We thought that you would find the historical perspective of breakfasts in the Appalachian mountains interesting. Breakfast is an important meal. It gives us the energy we need after fasting for 12 hours or so during the night to go through the first half of our working day. The following is an excerpt from the cookbook, Mountain Country Cooking: A Gathering of the Best Recipes from the Smokies to the Blue Ridge by Mark Sohn.
"People may argue about what to serve for an old-fashioned mountain breakfast, but on one issue everyone agrees: Fifty to seventy-five years ago, mountain people ate gigantic breakfasts. Over the last seventy-five years, however, our lives and our breakfast have changed.
"I have observed three phases in the evolution of mountain country breakfasts. First, seventy-five years ago, just after the railroads pressed their steel tracks into mountain coal fields, breakfast was really big. The cook loaded the table with bacon, sausage, and pork chops – all at the same meal. If they were saving the pork chops for another day, they served ribs, back bones, fried chicken, or country ham. With this they often ate fried potatoes or hash browns, buttermilk biscuits, breakfast sausage gravy, homemade blackberry jam, grits or hominy, and eggs, eggs, eggs. To top it off, they may have eaten apple or pumpkin pie, milk, juice, and coffee. These foods, which they called victuals, stuck to the ribs and supported outdoor labor until the mid-day lunch.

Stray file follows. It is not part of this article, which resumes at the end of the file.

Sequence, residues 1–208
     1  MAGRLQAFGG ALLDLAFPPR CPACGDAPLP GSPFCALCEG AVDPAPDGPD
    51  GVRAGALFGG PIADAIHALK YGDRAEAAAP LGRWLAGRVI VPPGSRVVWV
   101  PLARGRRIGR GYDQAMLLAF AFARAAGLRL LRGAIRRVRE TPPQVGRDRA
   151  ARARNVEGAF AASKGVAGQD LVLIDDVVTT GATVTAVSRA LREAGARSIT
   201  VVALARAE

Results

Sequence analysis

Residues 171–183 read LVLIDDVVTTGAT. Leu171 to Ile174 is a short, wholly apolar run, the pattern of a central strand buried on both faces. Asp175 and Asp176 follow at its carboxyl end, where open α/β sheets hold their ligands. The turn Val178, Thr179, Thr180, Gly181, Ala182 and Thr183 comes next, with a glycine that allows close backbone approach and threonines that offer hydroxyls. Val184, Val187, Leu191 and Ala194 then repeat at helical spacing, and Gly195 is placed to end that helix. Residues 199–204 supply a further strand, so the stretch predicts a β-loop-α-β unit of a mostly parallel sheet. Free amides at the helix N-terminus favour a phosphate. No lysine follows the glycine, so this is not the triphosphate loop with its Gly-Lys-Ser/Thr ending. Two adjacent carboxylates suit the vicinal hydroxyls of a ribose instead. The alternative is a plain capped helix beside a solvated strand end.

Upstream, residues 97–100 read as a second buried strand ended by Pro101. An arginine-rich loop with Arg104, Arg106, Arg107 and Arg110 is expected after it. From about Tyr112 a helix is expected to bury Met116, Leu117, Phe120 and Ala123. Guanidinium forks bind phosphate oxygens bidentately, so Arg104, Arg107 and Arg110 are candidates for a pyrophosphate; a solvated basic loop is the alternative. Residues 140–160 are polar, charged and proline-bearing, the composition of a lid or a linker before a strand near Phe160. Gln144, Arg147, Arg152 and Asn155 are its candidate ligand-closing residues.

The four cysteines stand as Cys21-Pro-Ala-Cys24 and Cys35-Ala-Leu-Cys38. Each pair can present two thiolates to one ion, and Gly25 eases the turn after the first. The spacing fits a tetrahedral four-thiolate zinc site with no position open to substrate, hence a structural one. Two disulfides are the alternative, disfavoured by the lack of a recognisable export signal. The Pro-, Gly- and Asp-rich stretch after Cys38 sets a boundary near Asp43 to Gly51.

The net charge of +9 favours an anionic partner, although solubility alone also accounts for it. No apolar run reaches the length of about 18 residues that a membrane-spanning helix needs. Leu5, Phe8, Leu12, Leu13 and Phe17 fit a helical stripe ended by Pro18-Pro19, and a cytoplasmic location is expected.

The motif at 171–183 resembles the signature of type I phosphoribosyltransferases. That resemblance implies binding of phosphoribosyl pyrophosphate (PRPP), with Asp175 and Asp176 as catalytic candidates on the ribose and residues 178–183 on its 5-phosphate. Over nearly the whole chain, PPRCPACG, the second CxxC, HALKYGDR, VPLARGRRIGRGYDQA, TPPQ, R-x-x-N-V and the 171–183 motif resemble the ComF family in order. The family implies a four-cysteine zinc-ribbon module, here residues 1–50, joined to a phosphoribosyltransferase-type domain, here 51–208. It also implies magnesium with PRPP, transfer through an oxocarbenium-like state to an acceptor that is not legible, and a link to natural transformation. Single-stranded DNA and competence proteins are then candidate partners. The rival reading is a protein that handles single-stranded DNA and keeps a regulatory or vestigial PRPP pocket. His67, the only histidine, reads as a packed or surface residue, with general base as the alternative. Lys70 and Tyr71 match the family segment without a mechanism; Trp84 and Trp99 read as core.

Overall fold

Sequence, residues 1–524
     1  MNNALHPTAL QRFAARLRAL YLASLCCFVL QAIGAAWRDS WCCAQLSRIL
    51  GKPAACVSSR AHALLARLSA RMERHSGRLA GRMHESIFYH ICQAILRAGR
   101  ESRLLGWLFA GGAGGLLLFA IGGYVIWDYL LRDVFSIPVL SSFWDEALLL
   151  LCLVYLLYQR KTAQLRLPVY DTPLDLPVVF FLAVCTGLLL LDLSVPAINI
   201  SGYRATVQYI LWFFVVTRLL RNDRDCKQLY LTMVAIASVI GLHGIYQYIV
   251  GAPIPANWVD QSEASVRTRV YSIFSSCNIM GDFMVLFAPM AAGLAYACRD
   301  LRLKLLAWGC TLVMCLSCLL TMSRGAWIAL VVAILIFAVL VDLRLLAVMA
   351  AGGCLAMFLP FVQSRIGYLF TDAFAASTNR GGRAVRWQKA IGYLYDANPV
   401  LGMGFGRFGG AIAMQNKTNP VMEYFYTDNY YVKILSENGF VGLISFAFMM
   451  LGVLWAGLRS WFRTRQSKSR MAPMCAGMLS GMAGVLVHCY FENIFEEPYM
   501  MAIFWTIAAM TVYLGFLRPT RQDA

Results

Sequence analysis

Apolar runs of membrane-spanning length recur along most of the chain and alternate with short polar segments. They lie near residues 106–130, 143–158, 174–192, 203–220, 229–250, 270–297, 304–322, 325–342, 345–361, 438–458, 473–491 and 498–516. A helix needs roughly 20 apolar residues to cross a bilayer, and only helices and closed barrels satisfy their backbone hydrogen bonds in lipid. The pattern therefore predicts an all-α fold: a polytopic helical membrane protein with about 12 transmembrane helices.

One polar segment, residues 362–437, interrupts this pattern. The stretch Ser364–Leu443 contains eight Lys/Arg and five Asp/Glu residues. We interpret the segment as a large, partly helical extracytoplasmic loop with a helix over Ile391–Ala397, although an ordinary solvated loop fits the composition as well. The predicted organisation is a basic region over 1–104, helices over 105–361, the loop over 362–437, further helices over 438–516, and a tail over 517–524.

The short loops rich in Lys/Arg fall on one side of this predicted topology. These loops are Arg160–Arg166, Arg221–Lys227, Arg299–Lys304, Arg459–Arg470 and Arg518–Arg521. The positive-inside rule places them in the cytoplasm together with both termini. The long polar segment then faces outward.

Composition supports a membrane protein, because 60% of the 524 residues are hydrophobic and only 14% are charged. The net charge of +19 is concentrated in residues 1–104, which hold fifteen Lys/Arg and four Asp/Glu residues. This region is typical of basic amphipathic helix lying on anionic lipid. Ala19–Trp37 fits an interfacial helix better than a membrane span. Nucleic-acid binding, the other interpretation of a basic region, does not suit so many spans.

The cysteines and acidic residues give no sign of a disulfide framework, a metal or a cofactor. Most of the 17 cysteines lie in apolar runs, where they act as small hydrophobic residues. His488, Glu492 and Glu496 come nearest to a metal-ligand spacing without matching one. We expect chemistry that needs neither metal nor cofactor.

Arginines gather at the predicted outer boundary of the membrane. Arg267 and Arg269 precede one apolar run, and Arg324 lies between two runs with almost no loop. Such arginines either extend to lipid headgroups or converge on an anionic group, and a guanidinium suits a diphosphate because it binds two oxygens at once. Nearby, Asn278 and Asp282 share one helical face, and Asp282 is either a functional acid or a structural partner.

"In the 1950’s breakfasts got smaller. We traded toast for biscuits, the pie disappeared, and bacon, sausage, or ham often stood alone with eggs. Hot cereal or sweet potatoes sometimes managed a place on the table. We served milk, juice, and coffee, and perhaps hot or cold cereal."In recent years – the fat fighting nineties – country cooks, like others, reserve eggs and bacon for special occasions. We worry about cholesterol. We cover dry cereal with skim or low-fat milk, we microwave a frozen bagel, or we lower a toaster pastry into the toaster. No time for hot cereal. No eggs. No pork chops. No cooking. It’s often an on-the-go breakfast."
After reading this account of the gigantic old-fashion mountain breakfast it got me to thinking. Should we change the order of the size of our meals with the largest meal at breakfast and the smallest meal in the evening? Does our body work best if it is operating off of the energy from the meal that we just ate, or does it work best refilling the body reserves with a big meal in the evening? Does eating a big meal in the evening and a small breakfast program our body to store the food we eat as fat for a reserve rather than flushing out the surplus? This is a subject worth researching and finding out more about it.